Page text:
Know the Laws: North Carolina
UPDATED December 15, 2015
A domestic violence protective order is a civil order that provides protection from someone with whom you have/had a "personal relationship."
This section defines domestic violence for the purposes of getting a domestic violence protective order (DVPO). Domestic violence in North Carolina is when someone you have had a "personal relationship" with does any of the following to you or your minor child:
If you have not had a "personal relationship" with the abuser, harasser or stalker, you may be eligible for a protective order against stalking or harassment. Please see How can I get an order against stalking or sexual harassment (a civil no-contact order)?
* NCGS § 50B-1(a)
In North Carolina, there are two types of domestic violence protective orders:
An ex parte temporary protective order is a court order designed to provide you and your family members with immediate protection from the abuser. A judge may issue an ex parte order the same day you file your complaint for a domestic violence protective order (without the abuser present) if s/he believes that there is a serious and immediate danger to you or your child. If the judge does not issue the ex parte order on the same day, the court must hear the request for an ex parte order within 72 hours or by the end of the next day on which the court is in session in the county of the filing, whichever occurs first.* Note: Hearings held to consider an ex parte temporary protective order may be held via video conference.**
An ex parte temporary protective order will protect you until your full court hearing takes place, usually within 10 days from when the order is granted or within 7 days from the date the respondent is served, whichever occurs later.* Note: The ex parte order will not be able to be enforced until the defendant is served with a copy of the order.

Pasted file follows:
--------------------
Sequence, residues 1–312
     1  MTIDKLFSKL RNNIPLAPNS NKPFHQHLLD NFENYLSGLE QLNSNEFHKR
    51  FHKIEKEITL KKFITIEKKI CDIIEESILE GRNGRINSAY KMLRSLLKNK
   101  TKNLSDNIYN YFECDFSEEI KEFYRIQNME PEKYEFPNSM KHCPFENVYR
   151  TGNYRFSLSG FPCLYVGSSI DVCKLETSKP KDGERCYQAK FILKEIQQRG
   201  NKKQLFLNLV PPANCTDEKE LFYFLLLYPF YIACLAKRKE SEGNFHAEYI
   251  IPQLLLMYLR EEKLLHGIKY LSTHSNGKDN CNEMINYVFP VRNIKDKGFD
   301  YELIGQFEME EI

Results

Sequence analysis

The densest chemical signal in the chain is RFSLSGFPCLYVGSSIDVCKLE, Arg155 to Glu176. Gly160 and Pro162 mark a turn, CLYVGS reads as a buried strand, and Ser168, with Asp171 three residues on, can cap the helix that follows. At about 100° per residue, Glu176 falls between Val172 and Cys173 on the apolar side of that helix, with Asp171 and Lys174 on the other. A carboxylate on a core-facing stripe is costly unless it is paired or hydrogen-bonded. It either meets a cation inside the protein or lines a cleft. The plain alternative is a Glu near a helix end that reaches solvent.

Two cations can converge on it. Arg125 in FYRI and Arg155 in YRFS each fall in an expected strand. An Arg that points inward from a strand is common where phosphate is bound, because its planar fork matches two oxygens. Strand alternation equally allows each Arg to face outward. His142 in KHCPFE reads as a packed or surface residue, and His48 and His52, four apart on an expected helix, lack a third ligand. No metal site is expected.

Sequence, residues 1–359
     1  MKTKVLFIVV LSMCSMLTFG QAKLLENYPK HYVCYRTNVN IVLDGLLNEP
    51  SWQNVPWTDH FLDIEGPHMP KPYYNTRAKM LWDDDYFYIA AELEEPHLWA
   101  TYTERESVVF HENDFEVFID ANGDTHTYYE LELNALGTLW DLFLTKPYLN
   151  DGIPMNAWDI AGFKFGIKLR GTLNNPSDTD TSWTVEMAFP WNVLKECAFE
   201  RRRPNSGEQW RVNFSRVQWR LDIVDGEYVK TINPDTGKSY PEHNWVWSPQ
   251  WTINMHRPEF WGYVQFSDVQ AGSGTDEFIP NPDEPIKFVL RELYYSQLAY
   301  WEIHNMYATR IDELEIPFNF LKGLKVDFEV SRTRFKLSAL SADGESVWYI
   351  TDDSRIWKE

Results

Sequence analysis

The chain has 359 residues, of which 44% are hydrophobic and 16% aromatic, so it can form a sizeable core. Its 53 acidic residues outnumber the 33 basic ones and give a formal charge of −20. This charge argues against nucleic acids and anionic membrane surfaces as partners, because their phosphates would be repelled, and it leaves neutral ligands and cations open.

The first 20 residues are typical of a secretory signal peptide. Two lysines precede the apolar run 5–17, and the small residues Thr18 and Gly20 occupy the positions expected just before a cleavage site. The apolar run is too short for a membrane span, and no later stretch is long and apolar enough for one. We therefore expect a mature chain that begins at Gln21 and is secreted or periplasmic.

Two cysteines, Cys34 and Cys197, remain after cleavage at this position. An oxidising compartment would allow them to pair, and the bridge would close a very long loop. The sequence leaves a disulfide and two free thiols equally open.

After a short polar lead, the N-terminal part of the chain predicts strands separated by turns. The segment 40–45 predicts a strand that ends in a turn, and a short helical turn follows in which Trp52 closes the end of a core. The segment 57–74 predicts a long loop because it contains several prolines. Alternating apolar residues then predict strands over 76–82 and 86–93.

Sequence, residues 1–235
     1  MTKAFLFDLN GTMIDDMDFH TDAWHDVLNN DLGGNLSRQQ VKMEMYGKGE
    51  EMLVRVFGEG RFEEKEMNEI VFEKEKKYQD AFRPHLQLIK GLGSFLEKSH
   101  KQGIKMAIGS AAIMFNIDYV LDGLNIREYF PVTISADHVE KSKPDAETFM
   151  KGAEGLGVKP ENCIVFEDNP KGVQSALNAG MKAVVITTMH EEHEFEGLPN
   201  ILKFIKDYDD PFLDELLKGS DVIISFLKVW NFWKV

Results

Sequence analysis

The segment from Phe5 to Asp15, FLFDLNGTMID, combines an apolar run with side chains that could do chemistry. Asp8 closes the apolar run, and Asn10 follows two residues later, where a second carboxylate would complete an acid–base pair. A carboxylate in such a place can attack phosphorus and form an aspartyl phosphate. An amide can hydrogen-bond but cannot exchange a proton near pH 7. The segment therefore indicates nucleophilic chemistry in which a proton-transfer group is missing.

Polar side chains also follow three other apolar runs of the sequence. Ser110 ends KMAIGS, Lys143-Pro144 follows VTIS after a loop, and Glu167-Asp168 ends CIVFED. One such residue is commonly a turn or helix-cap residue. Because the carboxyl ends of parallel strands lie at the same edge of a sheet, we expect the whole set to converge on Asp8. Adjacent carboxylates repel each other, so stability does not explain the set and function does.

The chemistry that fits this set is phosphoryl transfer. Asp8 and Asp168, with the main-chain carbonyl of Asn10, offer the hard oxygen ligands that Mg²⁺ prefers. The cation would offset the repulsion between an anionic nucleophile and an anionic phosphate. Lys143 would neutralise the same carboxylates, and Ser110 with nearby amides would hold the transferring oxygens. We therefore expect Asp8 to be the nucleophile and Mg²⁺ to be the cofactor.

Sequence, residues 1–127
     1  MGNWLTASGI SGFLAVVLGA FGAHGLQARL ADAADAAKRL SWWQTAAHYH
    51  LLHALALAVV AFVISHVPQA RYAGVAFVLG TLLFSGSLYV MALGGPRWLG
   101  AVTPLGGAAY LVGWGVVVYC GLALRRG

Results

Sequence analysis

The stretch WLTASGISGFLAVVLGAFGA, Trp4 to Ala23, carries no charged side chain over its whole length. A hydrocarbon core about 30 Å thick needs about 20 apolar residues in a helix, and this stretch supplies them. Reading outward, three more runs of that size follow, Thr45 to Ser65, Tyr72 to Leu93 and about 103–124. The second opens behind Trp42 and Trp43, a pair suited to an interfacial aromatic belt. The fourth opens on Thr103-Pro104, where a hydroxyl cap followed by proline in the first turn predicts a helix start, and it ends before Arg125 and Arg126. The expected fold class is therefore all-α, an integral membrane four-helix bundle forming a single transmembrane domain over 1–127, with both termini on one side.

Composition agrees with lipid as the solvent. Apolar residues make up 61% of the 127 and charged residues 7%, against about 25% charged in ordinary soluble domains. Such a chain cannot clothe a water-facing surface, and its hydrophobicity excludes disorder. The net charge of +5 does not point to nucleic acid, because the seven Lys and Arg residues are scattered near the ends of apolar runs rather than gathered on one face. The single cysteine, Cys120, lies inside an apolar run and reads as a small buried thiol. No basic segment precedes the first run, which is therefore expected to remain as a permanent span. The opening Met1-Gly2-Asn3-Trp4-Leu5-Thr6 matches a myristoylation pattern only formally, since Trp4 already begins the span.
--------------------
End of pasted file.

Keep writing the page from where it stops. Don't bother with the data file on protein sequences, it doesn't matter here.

A final domestic violence protective order (also called a DVPO or a 50B order or restraining order) lasts up to one year. You can ask the court to extend the order for an additional two years (with the exception of the custody provisions), but you must do so before it expires.*** (See How do I modify or extend my order?) Before the order is issued, you will have to have a full court hearing to get a final domestic violence protective order. In this hearing, the abuser will have a chance to defend himself/herself. Unlike ex parte hearings, a hearing for a final domestic violence protective order cannot be held via video conference.**
* NCGS § 50B-2(c)(5)
** NCGS § 50B-2(e)
*** NCGS § 50B-3(b)
A DVPO can:
Yes. If there is a pet in your household (owned by you, your child, or the abuser) and you have concerns for your pet’s safety you can ask a judge to order the abuser not to hurt the pet as part of your 50B order. If the abuser is keeping you from your pet or you worry that the abuser may take the pet with him/her, you can also ask that you be the one to keep the pet.* This remedy is available in temporary and final DVPOs. You should also include any information about the abuser hurting or threatening to hurt your pet(s) in the complaint.
* NCGS § 50B-3(a)(8), (9)(b1)
You can file a petition in the county where you live (permanently or temporarily), or in the county where the abuser lives.*
* NCGS § 1-82